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The Shell Shock Vulnerability

Written by Sean Valant

Thursday, September 25th, 2014

The bad guys are unfortunately at it again. Today the Internet lit up with news of a new vulnerability, officially named “CVE-2014-6271,” but more widely-known as “Shell Shock,” a reference to the environment exploited, known as a shell.. The shell in question is called BASH, itself an acronym for Bourne Again SHell. Nearly all Linux servers in the world have BASH installed; it is the most common shell in use today. A shell itself is what is used to interact with the operating system via command line.

Before we proceed, you should know that all HostGator servers have been patched as of this writing. We identified the issue very early-on and developed the necessary solution for our environment. We are, of course, continuing to monitor the situation and will react appropriately should the need arise.

As with any security or vulnerability risk, it is important to reiterate the importance of practicing good security to the extent of your ability as an end user. Always use secure passwords (you know the drill: upper- and lowercase letters, numbers and special characters), always keep any third-party scripts (such as WordPress, Joomla, etc.) up-to-date, and always uses the latest version of any software that you utilize… because the truth is that often software is updated strictly for security patch purposes.

Should the need arise, we will update this blog post accordingly. Otherwise, stay safe out there on the Interwebs!

Twitter Email List Targeting

Written by Kyler Patterson

Wednesday, September 24th, 2014

Target On Twitter With Email
 
For those of you who have been using social media advertising, you may know that Facebook has allowed for email list targeting for some time now. This feature is great because you can strictly target those users in your email list. Companies can even use their existing client lists to target them on Facebook for customer promotions and increasing customer value. Now, Twitter has entered the game with the option to upload lists to target with ads.
 

Why Email Targeting?

With email targeting, you can direct ads straight to those who you believe are the best for your promotion. For example, you have a list of customers who bought Product A and you’re having a sale on Product B that is a really good complementary item for Product A. Instead of emailing everyone on this list, you can run a campaign on Twitter to let them know about the sale. Or you can have an integrated campaign to email them and promote to them on Twitter.
 

Is It Just Email Targeting?

No. You can create a targeted audience with different types of lists. Email is usually what most businesses have from their clients. Not all request phone numbers. You can create lists with the following information:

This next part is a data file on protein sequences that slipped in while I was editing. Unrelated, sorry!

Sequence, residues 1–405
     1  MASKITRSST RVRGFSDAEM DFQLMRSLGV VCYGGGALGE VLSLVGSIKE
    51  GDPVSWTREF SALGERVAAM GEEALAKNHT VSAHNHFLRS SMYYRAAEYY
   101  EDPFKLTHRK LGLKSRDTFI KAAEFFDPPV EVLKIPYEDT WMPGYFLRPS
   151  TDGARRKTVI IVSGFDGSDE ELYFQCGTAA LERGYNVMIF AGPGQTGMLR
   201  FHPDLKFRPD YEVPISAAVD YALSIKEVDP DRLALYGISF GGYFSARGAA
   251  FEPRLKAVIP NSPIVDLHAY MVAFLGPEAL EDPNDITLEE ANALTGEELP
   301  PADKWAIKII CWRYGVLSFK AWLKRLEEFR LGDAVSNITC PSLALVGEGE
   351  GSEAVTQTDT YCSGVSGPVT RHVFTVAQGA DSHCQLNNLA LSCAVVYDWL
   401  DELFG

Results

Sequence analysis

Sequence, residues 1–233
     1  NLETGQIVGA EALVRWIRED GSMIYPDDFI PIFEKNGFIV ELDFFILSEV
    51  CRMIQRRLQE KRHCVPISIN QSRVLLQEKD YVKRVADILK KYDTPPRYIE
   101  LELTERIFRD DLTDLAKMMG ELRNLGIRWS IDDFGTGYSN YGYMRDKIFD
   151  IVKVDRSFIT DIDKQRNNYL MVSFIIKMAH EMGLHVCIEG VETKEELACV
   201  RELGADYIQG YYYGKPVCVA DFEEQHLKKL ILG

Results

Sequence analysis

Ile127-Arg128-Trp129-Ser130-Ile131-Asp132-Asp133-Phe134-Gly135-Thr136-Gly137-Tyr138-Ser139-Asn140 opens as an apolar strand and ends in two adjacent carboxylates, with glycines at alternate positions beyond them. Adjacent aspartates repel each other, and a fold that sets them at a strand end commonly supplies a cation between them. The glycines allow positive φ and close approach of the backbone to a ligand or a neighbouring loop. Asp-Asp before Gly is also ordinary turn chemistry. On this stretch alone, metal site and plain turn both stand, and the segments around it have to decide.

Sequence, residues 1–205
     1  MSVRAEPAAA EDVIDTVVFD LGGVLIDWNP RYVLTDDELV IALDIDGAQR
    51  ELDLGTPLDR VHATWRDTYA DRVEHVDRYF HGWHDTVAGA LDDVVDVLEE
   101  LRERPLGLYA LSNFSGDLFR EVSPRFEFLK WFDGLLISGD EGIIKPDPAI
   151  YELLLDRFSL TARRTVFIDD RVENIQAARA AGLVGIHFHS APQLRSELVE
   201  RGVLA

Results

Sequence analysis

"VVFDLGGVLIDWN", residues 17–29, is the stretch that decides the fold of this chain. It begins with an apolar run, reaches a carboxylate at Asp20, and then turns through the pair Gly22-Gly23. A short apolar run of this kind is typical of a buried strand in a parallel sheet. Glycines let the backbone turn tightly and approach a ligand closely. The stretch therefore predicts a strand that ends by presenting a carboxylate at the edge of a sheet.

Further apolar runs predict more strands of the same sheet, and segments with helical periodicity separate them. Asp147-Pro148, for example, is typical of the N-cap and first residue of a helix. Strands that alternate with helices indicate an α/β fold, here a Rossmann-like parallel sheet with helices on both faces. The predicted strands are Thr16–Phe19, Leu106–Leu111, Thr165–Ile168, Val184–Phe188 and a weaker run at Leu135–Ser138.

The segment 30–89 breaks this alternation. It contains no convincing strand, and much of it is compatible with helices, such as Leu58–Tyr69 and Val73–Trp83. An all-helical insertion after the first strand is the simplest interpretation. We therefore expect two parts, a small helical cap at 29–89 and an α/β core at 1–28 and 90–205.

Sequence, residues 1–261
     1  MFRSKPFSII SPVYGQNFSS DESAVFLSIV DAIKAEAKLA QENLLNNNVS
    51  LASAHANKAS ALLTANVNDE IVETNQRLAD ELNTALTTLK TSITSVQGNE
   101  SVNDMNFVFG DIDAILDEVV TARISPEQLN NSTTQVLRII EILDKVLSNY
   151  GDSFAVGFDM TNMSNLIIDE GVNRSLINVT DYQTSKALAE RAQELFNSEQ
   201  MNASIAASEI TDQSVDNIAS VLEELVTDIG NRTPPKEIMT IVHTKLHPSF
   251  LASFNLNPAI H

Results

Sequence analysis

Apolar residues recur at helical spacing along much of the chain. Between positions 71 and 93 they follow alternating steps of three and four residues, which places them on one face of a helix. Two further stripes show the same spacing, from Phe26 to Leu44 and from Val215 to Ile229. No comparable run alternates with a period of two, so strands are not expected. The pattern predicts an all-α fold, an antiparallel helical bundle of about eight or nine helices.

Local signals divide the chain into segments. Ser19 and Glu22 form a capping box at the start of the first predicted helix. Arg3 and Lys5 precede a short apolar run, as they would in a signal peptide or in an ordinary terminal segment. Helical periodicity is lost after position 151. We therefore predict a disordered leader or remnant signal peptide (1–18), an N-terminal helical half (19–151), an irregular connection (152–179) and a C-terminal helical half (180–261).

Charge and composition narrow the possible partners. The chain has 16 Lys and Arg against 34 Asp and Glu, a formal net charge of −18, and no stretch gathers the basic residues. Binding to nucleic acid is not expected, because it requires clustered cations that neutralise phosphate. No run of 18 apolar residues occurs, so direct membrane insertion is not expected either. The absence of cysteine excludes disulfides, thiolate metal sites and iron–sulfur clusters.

• Email
  • Phone Numbers
  • Twitter User Names
  • Twitter User IDs
  • Mobile Advertising IDs

 

How To Create A Targeted Audience

Creating a targeted audience with Twitter is pretty simple. First you will need to have a list generated from your CRM or email software. Then you will just need to follow these steps.
 

1. Click Tools on your Twitter Ads navigation bar. Then select Audience Manager.

twitter-audience-maker

 

2. Click “Create Audience” on the upper right side of the UI.

Audience Manager on Twitter

Here is a picture of the @HostGator audience manager. These are small lists for a specific purpose.

 

Target-Twitter-Audience

3. Give your list a name, then choose the type of list you are uploading. Remember that it will need to be a .csv or .txt file.

 
 
 
 

4. Select the type of audience you’re uploading

 
 
 
 

5. Upload your file

 
 
 
 
 

Things To Consider

Read the Twitter Ads Terms of Service. You don’t want your account banned for doing something you shouldn’t be doing.
 
Update your privacy policy about customer information being used for advertising if it isn’t already in there.
 
Separate your lists. Perhaps I just like granularity, but I like to see that we have 10k emails and 5k phone numbers that converted to targeted Twitter users. It was interesting to see.
 
On that same note, use multiple lists! Sometimes the email your customer gives isn’t the one they used for Twitter but the phone number is. You don’t want to miss out on being able to target them. For our lists, cell phone numbers matched up more than home phone numbers.
 
Don’t expect to launch a campaign immediately after uploading the list. It can take several hours for Twitter to match the contents on the list with users. I tend to upload my list before I go home for the day so that I can start the campaign the next day.
 
Match rate will be lower than Facebook custom audiences. With the same list, Facebook matched 4,400 users and Twitter only matched approximately 1,100.
 
Audience matches of less than 500 will be listed as too small and you will not be able to advertise to them.
 
That’s it about Twitter email list and audience targeting. Please feel free to ask any questions or express concerns in the comments below!

Google Authorship Dead In 2014?

Written by Kyler Patterson

Wednesday, September 17th, 2014

authorship-featured
If you’ve searched for anything on Google in the last month or so (who hasn’t?), you may have noticed slight changes in the results. First, the author pictures next to the results conspicuously disappeared. Then, videos started to vanish for most results (except those of YouTube and other sources where video is a primary source of content). Now, author names have disappeared. According to John Mueller from Google’s Webmaster Analytics team, Authorship has indeed been removed from your search results.

Is Google Authorship Dead

A few months ago, the same search would have displayed the associated Google+ profile picture and related information, as shown in the image below from our prior Authorship blog post:

What Authorship Looked Like

 

Now the posts are stripped down to provide you the content that you’re looking for without the fluff.

 

Why Was Authorship Removed?

If you ever set up authorship, then you know it was not the easiest process to start with. There were several steps involved, including an update your site’s code to add the markup. If you were using a CMS like WordPress, the markup wasn’t too hard, but HTML sites were a little harder to modify. Since the entire ordeal wasn’t an easy 1-2 step process, it had a low adoption rate.